I don’t think there’s anything wrong with setting a story in a big city, but small towns just hold more charm and appeal for me as a setting. There’s more to work with when everyone knows their neighbors, both good and bad. Being intimately familiar with the backdrop of my story helps me keep things authentic. Sure, I could bluff my way through a book set in Chicago or New York, but I can guarantee you I won’t get the tiny details right. It’s impossible if you haven’t spent a great deal of time there. I’d rather set it somewhere that I’m comfortable with, that I honestly love and know well, and maybe make you want to come for a visit. If you read the book (and I hope you will), let me know what you thought!

About RIVER RECKONING:

Bond Mason’s roots run deep in the backwoods hamlet of Trespass, Florida. Nestled against the banks of the Suwannee River, the only home she’s ever known holds bittersweet memories of a family long gone. Except one of her ghosts isn’t dead and possessive ex-lover James Kyle wants her back.

U.S. Deputy Marshal Nathan Gates sights are set on capturing fugitive Robert Kyle. Wanted for the cold-blooded murder of a DEA agent, Robert is suspected of being hidden away with his moonshine-brewing, marijuana-growing family of fellow lawbreakers, one of which is his brother, James.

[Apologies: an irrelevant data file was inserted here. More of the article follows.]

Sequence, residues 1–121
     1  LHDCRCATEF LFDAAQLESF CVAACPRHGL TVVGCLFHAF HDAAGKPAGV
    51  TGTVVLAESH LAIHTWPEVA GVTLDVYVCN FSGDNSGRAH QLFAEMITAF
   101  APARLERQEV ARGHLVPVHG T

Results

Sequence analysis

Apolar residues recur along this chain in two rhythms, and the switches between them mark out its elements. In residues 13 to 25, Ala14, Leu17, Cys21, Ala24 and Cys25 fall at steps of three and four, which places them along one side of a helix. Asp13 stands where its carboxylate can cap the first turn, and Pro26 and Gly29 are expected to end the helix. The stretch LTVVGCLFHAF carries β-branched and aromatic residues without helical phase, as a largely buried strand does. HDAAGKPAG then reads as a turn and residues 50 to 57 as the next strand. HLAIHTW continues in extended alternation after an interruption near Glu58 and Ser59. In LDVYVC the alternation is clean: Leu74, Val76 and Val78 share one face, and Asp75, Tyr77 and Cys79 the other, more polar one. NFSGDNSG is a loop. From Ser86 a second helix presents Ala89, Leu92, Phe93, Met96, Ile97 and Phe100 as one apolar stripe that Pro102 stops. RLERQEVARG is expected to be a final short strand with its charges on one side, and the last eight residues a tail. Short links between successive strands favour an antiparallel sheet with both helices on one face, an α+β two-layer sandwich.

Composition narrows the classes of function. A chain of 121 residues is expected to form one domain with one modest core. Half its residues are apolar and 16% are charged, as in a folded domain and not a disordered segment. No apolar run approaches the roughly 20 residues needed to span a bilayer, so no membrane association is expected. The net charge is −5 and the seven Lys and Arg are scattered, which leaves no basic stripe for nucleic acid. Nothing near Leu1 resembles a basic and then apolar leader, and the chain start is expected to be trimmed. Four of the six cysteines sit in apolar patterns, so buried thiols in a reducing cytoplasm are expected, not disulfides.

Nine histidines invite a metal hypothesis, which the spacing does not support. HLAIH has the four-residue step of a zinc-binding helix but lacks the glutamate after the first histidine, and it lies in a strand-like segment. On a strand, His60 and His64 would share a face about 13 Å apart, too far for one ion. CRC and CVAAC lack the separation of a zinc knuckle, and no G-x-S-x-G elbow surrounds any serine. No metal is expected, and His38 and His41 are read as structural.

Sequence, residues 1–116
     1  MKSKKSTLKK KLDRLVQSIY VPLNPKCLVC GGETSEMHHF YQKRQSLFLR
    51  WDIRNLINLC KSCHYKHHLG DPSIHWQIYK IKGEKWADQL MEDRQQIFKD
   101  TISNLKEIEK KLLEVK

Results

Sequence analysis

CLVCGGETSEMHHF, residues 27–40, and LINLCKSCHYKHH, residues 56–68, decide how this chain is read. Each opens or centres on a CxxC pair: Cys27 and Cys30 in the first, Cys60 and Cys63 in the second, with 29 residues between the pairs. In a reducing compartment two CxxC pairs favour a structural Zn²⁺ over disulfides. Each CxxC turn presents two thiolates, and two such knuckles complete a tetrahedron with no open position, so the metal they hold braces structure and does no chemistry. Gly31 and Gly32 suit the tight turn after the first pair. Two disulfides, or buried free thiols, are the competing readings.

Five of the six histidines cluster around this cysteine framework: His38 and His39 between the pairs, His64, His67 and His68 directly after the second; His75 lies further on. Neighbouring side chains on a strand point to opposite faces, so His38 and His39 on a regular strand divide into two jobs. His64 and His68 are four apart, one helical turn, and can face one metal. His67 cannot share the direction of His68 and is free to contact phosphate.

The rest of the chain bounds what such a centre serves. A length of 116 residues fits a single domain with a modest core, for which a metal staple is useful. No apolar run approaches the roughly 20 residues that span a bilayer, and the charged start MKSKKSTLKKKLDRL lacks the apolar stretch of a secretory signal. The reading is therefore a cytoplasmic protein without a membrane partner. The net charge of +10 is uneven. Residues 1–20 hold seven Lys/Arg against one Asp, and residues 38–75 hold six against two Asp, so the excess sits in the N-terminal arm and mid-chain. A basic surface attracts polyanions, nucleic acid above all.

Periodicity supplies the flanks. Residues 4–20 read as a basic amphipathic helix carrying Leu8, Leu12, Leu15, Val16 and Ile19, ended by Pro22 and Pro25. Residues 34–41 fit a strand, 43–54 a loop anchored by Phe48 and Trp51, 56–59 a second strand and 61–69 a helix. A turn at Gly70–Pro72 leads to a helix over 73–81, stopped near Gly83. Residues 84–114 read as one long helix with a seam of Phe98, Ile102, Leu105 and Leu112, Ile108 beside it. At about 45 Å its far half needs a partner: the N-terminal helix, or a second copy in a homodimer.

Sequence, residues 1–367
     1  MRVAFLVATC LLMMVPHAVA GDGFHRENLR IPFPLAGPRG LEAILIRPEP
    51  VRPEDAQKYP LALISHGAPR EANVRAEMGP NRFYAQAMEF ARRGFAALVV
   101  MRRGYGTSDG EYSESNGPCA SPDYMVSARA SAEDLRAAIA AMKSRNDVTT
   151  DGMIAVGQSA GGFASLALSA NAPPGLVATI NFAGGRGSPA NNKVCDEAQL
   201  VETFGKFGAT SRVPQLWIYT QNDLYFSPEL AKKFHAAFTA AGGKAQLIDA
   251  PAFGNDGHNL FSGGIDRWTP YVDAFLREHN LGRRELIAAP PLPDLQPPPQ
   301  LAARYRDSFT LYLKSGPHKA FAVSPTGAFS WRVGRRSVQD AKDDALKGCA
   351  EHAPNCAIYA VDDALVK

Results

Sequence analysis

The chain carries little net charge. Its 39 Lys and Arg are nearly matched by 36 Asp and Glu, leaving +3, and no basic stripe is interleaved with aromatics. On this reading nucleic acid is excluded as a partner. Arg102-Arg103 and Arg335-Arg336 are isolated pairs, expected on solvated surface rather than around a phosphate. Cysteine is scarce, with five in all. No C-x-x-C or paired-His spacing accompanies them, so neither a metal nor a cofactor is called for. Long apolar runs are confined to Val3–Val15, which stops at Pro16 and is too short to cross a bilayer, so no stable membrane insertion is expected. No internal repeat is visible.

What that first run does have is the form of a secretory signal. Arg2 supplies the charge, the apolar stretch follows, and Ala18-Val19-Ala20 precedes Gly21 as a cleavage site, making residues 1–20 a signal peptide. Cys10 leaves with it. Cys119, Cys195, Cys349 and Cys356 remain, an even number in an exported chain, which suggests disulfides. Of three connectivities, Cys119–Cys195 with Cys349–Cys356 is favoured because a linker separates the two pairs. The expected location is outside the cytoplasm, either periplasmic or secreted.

Nathan expected high temperatures when he arrived in Trespass. What he hadn’t counted on is his searing attraction to southern beauty Bond Mason. She winds him around her finger like a tendril of Spanish moss, but his lawman’s intuition tells him she’s hiding secrets too. When he finally convinces her to talk, he’s not prepared for the dark truths she reveals about her hometown.

The Suwannee is deep, but Trespass’s sins run much deeper. For once, Nathan might be in over his head.

About Jenny Lyn:

I started reading when I was four, thanks to a babysitter who found out the only way to get me to sit still was to put a book in my hand. By the time I entered kindergarten, I’d blown through just about every Little Golden Book ever printed. Ten years later, much to my mother’s dismay, I found her stash of paperback romance novels. She tried to divert me back to something more chaste by buying me Harlequins, but I still snuck copies of her Kathleen Woodiwiss’s and Johanna Lindsey’s when she wasn’t looking. Shanna, The Flame and the Flower, and Fires of Winter will always hold special places in my heart because they introduced me to roguish heroes, headstrong heroines, and the trouble they could get into together.